A sense of dread washed over me after Tampa Bay’s Game 4 overtime loss that put them down 3-1 in the Stanley Cup Final to Colorado. Game 5 felt eerily similar, with the Lightning scoring first, followed by Colorado tying it off a fortunate bounce, Tampa Bay regained the lead in the second period, and then Colorado tied it within the first few minutes of the third period. However, this time the blown lead in the third period and a complete loss of momentum didn’t come to pass.
It felt as if Colorado would find a way to nab this game just as they did in Game 4. Then, Ondrej Palat found a soft spot in the Avalanche defensive coverage and wired a one-timer to give Tampa Bay the goal they needed to keep their season alive. Hope started to creep its way back into my consciousness.
Can they bring this series to a do-or-die Game 7?
Personally, I’m conflicted. The Lightning hasn’t been the better team this series; they’ve struggled to contain Colorado’s explosive offense, putting them in precarious positions throughout the series. Tampa Bay’s usually solid penalty kill has been downright atrocious in the Final, while Colorado’s average penalty kill (80% entering the series) has been unusually dominant. At 5v5, the Lightning has been out-attempted (282-205), outshot (134-97), and out-chanced both in regular (146-94) and high danger (45-35) opportunities. However, Tampa Bay has outscored Colorado 12-11 at 5v5 but is also riding a 104 PDO while Colorado is sporting a 96 during the series. One can look at that and say, “just stay out of the box, and we should be ok,” but that belies the overarching fact that what the Lightning are doing isn’t sustainable.
A 7-game series is always prone to short bursts of unsustainable stretches that wouldn’t last in the regular season. However, after looking at the numbers, it’s blatantly clear that Andrei Vasilevskiy is the biggest reason why the Lightning is still alive in this series.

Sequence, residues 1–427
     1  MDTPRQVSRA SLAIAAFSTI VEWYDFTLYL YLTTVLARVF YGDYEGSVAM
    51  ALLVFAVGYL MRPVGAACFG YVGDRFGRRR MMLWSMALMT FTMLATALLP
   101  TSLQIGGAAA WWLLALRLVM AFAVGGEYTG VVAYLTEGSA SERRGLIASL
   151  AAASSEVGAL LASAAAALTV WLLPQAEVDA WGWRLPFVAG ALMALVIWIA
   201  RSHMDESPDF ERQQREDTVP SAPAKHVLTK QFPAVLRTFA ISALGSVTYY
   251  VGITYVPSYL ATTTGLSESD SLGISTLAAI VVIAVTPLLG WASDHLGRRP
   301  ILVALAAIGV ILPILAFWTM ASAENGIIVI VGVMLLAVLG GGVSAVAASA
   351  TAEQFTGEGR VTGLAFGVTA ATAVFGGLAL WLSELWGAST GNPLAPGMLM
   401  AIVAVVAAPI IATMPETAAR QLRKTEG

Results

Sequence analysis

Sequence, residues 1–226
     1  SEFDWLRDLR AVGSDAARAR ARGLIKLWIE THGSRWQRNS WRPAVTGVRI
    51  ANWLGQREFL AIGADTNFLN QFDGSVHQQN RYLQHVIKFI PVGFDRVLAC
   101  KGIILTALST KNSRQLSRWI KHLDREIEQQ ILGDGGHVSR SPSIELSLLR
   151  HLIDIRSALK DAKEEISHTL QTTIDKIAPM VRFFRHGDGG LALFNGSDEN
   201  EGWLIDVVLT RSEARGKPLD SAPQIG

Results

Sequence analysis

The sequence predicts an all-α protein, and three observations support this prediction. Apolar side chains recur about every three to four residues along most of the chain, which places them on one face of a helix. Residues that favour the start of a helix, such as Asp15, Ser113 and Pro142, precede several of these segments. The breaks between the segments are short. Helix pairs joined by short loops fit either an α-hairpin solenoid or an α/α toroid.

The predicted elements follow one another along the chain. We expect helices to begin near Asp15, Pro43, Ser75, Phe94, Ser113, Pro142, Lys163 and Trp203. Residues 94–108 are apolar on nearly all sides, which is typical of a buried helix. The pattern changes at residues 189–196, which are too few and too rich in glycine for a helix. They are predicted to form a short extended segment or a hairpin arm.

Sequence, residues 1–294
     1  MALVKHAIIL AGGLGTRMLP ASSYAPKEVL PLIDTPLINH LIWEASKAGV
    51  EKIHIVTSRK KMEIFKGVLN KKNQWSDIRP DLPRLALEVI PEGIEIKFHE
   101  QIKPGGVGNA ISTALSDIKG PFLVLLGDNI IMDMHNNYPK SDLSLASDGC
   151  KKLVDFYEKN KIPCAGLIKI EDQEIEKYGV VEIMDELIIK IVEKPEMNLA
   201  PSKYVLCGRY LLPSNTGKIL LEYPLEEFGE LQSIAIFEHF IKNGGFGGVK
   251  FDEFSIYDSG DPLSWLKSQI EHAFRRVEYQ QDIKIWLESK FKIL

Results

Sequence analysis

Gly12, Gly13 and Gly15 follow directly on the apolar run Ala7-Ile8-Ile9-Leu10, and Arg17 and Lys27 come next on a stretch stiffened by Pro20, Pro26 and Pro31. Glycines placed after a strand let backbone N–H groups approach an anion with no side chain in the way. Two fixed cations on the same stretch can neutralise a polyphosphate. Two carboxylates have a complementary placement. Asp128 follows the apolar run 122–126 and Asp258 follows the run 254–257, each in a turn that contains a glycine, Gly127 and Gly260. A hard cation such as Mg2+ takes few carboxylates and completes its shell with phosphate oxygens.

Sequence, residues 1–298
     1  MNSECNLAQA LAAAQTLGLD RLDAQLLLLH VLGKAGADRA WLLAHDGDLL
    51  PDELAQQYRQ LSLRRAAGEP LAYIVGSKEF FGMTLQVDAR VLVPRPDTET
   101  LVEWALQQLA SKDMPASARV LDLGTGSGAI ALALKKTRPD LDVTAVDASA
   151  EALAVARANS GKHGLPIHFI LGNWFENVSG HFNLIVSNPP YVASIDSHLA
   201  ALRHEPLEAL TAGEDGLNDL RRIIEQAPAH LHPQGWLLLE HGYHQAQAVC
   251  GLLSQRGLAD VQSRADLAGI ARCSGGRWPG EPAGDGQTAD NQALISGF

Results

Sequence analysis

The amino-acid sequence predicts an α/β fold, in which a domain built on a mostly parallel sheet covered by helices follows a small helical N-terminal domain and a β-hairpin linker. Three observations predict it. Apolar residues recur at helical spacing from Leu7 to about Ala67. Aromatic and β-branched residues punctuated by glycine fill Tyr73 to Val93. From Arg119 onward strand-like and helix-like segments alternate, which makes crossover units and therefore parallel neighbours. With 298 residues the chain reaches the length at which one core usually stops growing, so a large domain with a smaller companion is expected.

Tampa Bay has done just enough offensively to keep themselves afloat, but the underlying process is worrying. Vasilevskiy very well could shut the door, and the Lightning takes advantage of a subpar Darcy Kuemper to win the series, but the chances of that happening are not as high as we’d like to admit.
There is a positive outlook, though. Games 3, 4, and 5 have all been closer than Games 1 and 2. Interestingly, and this is something no one has talked about, Tampa Bay has taken advantage of the Cale Makar and Devon Toews pairing at 5v5 in terms of scoring. The Lightning has outscored that duo 8-4 at 5v5 but has failed to control play to the extent they would generally like (40.2% CF, 43.52% xGF)—again, goaltending has definitively been in Tampa Bay’s favor. These aren’t perfect pictures, but they show a shift in the right direction.
It remains to be seen if it will culminate in a third consecutive championship, but it does provide a ray of hope. The problem is the team they’re up against—Toronto was a difficult opponent to overcome in the first round, but they dwarf in comparison to Colorado’s wealth of talent throughout the lineup, and that’s been the biggest obstacle for Tampa Bay to navigate. Also, considering the sheer amount of injuries the Lightning has endured and it’s a surprise that Tampa Bay is still alive.
That’s what championship pedigree and experience provide—an unbreakable belief in oneself that transcends any rational understanding.
Is it likely that the Lightning will win Game 6 and Game 7? No. Plausible? Yes. But this team isn’t going to lay down and just let the Stanley Cup be handed off. They’re going to fight, they’re going to battle, and they’re going to lay everything on the line because they’re the god damned Tampa Bay Lightning. No team in the salary cap era has done what this team has accomplished this season. No team has faced four 50-win teams in a single postseason, no team since the 1980s Oilers has made three consecutive Stanley Cup finals, no team has faced more adversity this postseason and found a way, and no team deserves a benefit of a doubt more than Tampa Bay.
If any team can find a way to force a do-or-die Game 7, it’s the Tampa Bay Lightning.